The mighty Jagannath temple in Puri is one of the four holy dhams, or “abodes of the divine”, drawing pilgrims, or yatris, here to spend three auspicious days and nights near Lord Jagannath, the presiding deity. The present temple structure, modelled on the older Lingaraj temple in Bhubaneswar, was erected at the start of the twelfth century by the Ganga ruler Anantavarman Chodaganga.
Despite the temple’s long-standing “caste no bar” rule, non-Hindu visitors are obliged to view proceedings from the flat roof of the Raghunandan Library, directly opposite the main gate. One of the librarians will show you up the stairs to the vantage point overlooking the East Gate. You should make a donation for this service – but don’t believe the big sums written in the ledger.
From the rooftop a fine view encompasses the immense deul, at 65m by far the loftiest building in the entire region. Archeologists have removed the white plaster from the tower to expose elaborate carving similar to that on the Lingaraj. Crowning the very top, a long scarlet pennant and the eight-spoked wheel (chakra) of Vishnu announce the presence of Lord Jagannath within.
The pyramidal roofs of the temples’ adjoining halls, or mandapas, rise in steps towards the tower. The one nearest the sanctuary, the jagamohana (Assembly Hall), is part of the original building, but the other two, the smaller nata mandir (Dance Hall) and the bhoga-mandapa (Hall of Offerings) nearest the entrance, were added in the fifteenth and sixteenth centuries. These halls still see a lot of action during the day as worshippers file through for darshan, while late every night they become the venue for devotional music. Female and transvestite dancers (maharis and gotipuas) once performed episodes from Jayadev’s Gita Govinda, the much-loved story of the life of Krishna, for the amusement of Lord Jagannath and his siblings. Nowadays, piped songs have replaced the traditional theatre.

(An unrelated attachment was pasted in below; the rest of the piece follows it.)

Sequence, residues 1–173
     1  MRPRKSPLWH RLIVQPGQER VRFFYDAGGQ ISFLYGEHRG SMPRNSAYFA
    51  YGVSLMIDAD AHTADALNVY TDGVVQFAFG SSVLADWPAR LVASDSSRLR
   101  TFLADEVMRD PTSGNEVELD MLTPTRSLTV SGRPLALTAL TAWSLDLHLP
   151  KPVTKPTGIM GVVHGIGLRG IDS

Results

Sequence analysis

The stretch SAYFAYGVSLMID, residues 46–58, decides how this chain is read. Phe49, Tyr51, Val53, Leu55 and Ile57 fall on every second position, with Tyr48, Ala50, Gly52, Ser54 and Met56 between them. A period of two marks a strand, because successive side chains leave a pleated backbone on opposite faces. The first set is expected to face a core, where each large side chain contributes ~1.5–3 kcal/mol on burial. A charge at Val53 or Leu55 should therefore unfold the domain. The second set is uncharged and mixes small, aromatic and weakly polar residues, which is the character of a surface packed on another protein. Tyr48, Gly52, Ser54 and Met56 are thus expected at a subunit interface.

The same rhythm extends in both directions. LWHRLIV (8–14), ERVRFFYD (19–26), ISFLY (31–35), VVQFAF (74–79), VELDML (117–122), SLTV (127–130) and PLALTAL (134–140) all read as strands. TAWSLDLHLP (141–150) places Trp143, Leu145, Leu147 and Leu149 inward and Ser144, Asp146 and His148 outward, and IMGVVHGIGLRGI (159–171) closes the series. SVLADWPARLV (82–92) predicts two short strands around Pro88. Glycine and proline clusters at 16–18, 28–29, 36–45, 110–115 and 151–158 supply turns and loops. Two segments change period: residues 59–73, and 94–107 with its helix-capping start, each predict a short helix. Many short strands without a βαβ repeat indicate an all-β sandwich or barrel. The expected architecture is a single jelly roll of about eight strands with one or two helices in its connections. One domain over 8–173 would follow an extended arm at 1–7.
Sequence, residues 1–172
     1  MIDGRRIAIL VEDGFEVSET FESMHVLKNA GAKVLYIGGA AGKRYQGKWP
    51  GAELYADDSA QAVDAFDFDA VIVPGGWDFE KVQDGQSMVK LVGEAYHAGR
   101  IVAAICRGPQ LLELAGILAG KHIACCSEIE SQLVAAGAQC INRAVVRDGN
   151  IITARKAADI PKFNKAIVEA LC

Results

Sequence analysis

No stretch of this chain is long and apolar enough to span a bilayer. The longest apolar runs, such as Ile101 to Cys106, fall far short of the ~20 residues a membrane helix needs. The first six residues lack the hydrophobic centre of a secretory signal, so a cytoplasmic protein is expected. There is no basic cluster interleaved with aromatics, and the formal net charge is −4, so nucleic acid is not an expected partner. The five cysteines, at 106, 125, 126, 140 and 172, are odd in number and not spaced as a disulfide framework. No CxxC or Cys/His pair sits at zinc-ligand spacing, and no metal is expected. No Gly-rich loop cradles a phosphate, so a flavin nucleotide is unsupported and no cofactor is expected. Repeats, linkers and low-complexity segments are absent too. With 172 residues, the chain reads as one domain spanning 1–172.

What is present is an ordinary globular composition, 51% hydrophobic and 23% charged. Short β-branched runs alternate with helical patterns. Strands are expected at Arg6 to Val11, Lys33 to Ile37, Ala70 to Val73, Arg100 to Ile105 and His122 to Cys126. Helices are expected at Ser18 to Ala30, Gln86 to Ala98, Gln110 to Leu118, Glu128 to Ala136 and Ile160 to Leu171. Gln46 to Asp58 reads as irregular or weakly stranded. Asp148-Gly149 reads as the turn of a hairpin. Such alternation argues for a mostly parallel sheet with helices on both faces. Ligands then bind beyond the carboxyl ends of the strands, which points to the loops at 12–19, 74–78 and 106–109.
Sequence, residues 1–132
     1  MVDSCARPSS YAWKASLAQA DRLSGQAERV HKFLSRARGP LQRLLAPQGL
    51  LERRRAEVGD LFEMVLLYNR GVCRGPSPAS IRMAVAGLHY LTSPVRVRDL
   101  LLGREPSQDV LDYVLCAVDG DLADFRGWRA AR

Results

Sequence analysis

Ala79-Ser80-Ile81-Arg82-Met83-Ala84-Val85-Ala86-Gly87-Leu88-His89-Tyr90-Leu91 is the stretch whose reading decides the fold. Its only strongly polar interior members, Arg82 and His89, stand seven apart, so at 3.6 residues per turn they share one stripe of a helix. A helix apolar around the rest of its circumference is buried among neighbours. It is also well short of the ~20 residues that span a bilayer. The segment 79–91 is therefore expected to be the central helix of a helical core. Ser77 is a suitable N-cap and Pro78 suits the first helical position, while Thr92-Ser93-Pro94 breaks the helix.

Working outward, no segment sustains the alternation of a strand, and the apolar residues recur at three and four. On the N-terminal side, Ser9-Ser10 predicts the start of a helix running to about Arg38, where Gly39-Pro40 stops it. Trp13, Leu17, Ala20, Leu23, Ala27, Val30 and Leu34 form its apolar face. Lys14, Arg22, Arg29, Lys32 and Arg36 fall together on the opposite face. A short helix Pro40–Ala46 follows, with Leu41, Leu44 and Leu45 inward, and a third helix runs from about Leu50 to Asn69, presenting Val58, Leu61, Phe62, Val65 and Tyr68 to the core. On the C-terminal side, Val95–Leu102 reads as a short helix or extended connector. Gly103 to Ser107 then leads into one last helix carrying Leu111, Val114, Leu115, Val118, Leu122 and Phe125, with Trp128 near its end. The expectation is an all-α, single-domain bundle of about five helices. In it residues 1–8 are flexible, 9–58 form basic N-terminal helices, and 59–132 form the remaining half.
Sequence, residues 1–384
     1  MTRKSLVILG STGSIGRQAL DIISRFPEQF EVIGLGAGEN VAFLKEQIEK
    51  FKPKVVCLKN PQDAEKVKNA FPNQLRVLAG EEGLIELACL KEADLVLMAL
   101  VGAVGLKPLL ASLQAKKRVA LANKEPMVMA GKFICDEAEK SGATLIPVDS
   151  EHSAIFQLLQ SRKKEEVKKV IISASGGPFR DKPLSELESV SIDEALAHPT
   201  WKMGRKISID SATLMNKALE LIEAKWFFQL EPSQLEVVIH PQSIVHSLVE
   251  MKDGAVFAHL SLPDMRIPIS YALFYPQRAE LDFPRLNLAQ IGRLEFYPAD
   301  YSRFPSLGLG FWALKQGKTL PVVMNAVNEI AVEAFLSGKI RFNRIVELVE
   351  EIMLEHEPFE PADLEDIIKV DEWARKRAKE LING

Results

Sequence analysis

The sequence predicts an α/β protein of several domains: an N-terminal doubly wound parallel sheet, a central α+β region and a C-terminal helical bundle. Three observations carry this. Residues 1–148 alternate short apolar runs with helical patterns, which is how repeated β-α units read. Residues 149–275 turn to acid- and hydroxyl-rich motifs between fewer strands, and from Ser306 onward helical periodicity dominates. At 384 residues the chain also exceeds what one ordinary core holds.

Outside the main building, at the left end of the walled compound surrounding the temple, are the kitchens. The food prepared here, known as mahaprashad, and blessed by Lord Jagannath, is said to be so pure that even a morsel taken from the mouth of a dog and fed to a brahmin by a Harijan (an “untouchable”) will cleanse the body of sin. Devotees mill around carrying pieces of broken pots full of dhal and rice; they can only offer food to the deity from an imperfect pot as Lord Jagannath is the only perfection in this world. Among the ten thousand or so daily recipients of the mahaprashad are the six thousand employees of the temple itself. These servants are divided into 96 hereditary and hierarchical orders known as chhatisha niyoga, and include the priests who minister to the needs of the deities (teeth cleaning, dressing, feeding, getting them ready for afternoon siesta, and so forth), as well as the teams of craftspeople who produce all the materials required for the daily round of rituals.